• Design – What is the best way to visually represent the concepts? A stack? A circle? A diamond?  How will you make the diagram visually appealing?  Will you include icons? Logos? Colors?  Is there a line or two of text that needs to be included to explain the value proposition?
  • Differentiation – Which individual products or product categories do you want to highlight? Are there key differentiators that you want to draw attention towards?  A new product release, a differentiated feature, or recent acquisition?
early version of rubrik's platform strategy
Rubrik’s platform diagram (circa 2019) does an excellent job with all five considerations.

  • Use Case – It has the right level of detail to use with customers, investors, and influencers.
  • Story – Enables a narrative about both 1) the product capabilities, and 2) how it fits into the customer ecosystem with the platforms at the bottom.
  • Content  – Focuses on the five key capabilities of the products at the top of the diagram.
  • Design – Uses a nice mix of logos at the bottom, icons throughout the stack, and  background colors to make the diagram visually appealing.
  • Differentiation – The cloud in the center with the accompanying text calls the viewer’s attention to the branded “Polaris” platform name and key value statement.

In the following sections, we will discuss each of these five considerations for designing a marketecture diagram in further detail and present real-world examples from leading technology companies.

Design Consideration #1

Use Cases

Audience and Context

When designing a marketecture diagram, think about who you will be sharing it with most frequently.  Common audiences include:

  • Customers – When competing for new accounts or upsell business at existing accounts, there is often a need for the sales team to present the company’s vision and strategy. The marketecture diagram provides a concise, single-slide format for illustrating the breadth and depth of the company’s product line.
  • Investors – When fundraising from public/private investors or seeking an exit to strategic/financial buyers, there is often a need to show how the company’s strategy addresses a large potential market (TAM) and enables expansion revenue with existing customers.
  • Employees – When speaking to employees at SKOs, town halls, or company-wide meetings there is often a need to show how all the products fit together into a cohesive strategy. Employees want to understand how the projects they are working on are contributing to the overall business strategy.
  • Analysts – When pitching opinion leaders on your company’s product suite and strategy there is often a need to show a stack diagram to explain how all the features fit together. Marketecture diagrams help analysts, consultants, and other influencers to understand your product capabilities and differentiators.

Next, think about where you will be displaying the marketecture diagram.  In some cases, the diagram may be included in a presentation with an accompanying narrative. In other cases, it may be discovered online and will need to be self-explanatory to the audience.

  • Conferences – Marketecture diagrams are often shared at big conferences. Those might be industry tradeshows, user conferences, or investor days.  The CEO or CTO will often share the company’s vision and product strategy.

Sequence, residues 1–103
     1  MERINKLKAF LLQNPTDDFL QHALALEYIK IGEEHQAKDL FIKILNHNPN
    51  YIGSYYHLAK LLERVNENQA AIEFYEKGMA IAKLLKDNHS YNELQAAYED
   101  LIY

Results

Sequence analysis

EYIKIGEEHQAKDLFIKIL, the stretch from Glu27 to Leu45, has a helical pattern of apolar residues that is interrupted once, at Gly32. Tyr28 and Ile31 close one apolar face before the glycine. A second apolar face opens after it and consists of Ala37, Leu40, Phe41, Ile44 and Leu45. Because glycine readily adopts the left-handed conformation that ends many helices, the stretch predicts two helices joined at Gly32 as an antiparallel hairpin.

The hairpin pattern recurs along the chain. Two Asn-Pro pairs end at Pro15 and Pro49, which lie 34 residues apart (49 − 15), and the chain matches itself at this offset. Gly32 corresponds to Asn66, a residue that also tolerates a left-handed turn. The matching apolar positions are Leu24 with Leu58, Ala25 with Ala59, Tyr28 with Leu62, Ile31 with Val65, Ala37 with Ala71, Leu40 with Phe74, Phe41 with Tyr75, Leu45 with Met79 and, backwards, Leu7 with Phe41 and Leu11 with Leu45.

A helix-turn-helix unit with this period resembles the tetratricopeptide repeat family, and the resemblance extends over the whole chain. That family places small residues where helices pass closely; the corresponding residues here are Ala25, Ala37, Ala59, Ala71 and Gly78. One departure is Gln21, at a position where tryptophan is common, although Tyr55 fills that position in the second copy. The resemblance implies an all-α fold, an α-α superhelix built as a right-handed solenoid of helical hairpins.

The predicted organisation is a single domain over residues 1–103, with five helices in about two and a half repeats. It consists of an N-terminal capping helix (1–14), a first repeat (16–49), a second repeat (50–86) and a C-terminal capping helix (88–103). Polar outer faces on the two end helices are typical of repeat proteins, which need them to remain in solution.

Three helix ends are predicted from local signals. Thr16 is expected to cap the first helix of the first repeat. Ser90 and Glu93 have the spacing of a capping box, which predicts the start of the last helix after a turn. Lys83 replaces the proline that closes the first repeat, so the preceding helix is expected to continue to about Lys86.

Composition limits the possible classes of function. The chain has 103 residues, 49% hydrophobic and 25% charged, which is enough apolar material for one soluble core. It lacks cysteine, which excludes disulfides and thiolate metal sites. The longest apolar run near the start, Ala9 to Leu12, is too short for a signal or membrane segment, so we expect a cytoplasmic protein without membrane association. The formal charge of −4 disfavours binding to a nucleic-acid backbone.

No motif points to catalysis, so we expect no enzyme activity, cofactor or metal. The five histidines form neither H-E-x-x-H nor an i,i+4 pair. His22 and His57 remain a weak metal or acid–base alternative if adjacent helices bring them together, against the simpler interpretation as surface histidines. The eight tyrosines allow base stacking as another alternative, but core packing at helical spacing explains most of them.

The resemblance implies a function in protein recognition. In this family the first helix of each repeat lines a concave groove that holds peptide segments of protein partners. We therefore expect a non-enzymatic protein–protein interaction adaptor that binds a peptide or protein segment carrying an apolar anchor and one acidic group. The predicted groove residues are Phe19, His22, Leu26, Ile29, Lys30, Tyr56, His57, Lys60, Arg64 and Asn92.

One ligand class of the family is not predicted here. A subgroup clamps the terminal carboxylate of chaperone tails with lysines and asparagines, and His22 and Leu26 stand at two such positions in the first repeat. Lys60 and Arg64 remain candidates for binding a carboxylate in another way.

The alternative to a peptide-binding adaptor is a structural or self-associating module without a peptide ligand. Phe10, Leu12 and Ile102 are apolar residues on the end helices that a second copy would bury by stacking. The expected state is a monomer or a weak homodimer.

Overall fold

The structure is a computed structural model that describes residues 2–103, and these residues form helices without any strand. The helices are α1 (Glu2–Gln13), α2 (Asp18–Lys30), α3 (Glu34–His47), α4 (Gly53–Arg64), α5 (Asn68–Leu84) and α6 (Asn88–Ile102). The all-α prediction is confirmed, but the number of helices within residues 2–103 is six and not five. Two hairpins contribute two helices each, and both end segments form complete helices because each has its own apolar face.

• Website – Its less common to see marketecture diagrams on corporate websites these days. Sales teams want customers to engage with them in a guided-buying process before sharing details about the full capabilities and roadmap.
  • Sales Cycles – Much of today’s sales process focuses on showing the customer live product demonstrations. However, marketecture diagrams can be useful to illustrate concepts that are not visible from the UI and to differentiate key platform features.

Design Consideration #2-3

The Story and the Content

Product-Centric vs Customer-Centric Marketectures

Product-Centric – Capability Focus

Most marketecture diagrams are product-centric.  The content is focused on the product capabilities, the underlying platform, and the detailed features.  There may be references to external applications to show key integrations, but the focus is on what happens inside the product.

For example, Tenable illustrates its product capabilities in a three-layer stack diagram.

Slide from Tenable investor presentation showing marketecture

Customer-Centric – Ecosystem Focus

However, some marketecture diagrams are more ambitious. These diagrams attempt to show not only the company’s capabilities but also how the product interacts with the customer’s ecosystem.  The ecosystem could be the end-user community, the value chain, or the customer’s business processes.

For example, Jamf illustrates how its products connect to the other popular management and security tools that most enterprises purchase

slide from Jamf's investor presentation showing marketecture

The Story and the Content

Product-Centric Marketecture Diagrams

Single Product vs Multi-Product

Single Diagram, Multi-Product

One of the key considerations in designing a marketecture diagram is the level of detail to show.  The detail level will vary depending on the size of the company and the scope of its portfolio.  For example, if you have 100 different products, the marketecture diagram is likely to show only high-level product lines.  Fitting 100 different SKUs into a single diagram is challenging and even if you are successful, the result will be quite an eye chart.